Jobs became fascinated by the way Carr Jones relied on old material,
including used bricks and wood from telephone poles, to provide a simple and sturdy structure.
The beams in the kitchen had been used to make the molds for the concrete foundations of the Golden Gate Bridge
which was under construction when the house was built.
"He was a careful craftsman who was self-taught," Jobs said as he pointed out each of the details.
"He cared more about being inventive than about making money, and he never got rich. He never left California.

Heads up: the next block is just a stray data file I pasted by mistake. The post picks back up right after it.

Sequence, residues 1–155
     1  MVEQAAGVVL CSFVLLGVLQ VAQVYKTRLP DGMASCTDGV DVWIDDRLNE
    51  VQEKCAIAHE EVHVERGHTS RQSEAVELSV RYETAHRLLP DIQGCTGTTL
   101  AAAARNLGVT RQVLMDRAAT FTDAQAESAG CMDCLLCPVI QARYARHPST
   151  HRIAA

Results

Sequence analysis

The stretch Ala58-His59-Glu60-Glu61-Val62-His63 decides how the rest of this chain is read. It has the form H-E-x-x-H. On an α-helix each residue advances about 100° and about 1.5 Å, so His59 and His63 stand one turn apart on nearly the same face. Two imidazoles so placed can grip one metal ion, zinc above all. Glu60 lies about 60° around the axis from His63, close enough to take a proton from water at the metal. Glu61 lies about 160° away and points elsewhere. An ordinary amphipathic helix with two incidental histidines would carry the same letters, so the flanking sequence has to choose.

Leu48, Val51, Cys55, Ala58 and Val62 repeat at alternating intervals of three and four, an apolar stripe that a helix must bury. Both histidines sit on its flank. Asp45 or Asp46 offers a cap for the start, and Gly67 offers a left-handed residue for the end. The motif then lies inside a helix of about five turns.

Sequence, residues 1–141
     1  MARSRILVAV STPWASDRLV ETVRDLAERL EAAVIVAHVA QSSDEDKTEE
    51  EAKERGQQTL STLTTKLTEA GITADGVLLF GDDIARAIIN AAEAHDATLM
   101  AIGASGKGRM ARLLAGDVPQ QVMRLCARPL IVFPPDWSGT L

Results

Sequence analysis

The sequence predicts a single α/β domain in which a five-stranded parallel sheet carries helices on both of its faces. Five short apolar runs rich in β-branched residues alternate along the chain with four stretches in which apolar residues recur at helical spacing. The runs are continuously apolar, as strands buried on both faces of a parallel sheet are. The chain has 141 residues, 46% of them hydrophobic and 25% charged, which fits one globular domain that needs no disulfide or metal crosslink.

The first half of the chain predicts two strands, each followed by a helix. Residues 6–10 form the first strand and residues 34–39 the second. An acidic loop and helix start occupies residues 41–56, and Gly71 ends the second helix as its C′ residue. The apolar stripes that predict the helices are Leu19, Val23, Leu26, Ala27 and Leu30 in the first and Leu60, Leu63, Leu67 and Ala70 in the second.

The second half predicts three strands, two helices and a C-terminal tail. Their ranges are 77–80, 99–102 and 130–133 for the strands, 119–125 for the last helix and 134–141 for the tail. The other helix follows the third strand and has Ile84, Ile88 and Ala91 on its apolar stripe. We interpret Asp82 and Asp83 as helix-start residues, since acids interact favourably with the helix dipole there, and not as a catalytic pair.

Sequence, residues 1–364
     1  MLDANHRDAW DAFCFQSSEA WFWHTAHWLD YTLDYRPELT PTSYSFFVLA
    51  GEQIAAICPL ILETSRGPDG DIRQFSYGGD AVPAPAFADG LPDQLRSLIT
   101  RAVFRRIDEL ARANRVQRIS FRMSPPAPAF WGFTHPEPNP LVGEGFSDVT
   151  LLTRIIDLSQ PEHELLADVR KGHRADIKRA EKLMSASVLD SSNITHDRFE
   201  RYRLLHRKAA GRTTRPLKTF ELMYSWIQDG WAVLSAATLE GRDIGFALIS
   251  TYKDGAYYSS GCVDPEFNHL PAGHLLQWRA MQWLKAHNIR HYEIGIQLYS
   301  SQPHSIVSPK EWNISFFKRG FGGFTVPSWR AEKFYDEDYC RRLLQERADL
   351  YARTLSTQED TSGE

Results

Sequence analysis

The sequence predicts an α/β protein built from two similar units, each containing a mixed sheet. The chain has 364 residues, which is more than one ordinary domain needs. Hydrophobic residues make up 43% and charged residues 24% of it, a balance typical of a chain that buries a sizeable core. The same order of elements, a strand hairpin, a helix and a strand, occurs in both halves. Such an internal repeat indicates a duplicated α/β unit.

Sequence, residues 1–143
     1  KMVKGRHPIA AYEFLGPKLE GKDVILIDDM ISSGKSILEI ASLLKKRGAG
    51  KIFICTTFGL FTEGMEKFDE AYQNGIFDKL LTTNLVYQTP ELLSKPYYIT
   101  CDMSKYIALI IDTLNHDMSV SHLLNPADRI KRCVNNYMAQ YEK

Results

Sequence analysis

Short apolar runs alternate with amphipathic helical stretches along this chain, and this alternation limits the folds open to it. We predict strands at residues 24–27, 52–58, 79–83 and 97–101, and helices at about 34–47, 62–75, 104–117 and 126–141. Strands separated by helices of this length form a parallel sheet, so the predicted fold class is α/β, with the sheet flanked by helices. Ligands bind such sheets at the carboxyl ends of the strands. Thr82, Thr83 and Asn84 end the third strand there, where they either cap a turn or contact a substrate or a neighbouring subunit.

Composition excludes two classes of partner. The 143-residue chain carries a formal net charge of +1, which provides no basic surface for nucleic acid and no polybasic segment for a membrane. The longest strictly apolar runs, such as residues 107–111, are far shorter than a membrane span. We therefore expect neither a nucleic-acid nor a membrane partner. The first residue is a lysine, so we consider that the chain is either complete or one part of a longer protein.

His ideas came from reading books in the library and Architectural Digest."
Jobs had never furnished his Woodside house beyond a few bare essentials:
a chest of drawers and a mattress in his bedroom,
a card table and some folding chairs in what would have been a dining room.
He wanted around him only things that he could admire, and that made it hard simply to go out and buy a lot of furniture.
Now that he was living in a normal neighborhood home with a wife and soon a child,
he had to make some concessions to necessity. But it was hard.